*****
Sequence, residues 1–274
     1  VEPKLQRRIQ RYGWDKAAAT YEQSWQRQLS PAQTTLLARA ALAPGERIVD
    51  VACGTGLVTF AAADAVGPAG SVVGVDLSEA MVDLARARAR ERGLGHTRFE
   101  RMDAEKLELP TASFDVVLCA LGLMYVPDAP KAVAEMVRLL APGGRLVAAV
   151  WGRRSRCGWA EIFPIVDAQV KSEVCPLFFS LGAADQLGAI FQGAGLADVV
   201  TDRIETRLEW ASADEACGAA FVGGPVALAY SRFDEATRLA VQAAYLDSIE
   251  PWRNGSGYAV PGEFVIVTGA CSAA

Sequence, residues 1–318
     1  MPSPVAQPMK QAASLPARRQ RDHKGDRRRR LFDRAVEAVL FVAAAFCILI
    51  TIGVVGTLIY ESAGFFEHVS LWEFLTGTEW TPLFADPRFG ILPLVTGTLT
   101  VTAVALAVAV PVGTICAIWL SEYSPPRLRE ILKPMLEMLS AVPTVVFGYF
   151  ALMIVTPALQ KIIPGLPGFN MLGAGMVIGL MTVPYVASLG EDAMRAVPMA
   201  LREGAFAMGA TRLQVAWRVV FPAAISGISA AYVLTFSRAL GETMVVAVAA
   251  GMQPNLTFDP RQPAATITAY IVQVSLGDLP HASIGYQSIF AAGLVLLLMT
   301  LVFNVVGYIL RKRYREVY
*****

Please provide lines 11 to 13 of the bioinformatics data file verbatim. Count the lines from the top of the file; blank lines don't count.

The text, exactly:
   101  VTAVALAVAV PVGTICAIWL SEYSPPRLRE ILKPMLEMLS AVPTVVFGYF
   151  ALMIVTPALQ KIIPGLPGFN MLGAGMVIGL MTVPYVASLG EDAMRAVPMA
   201  LREGAFAMGA TRLQVAWRVV FPAAISGISA AYVLTFSRAL GETMVVAVAA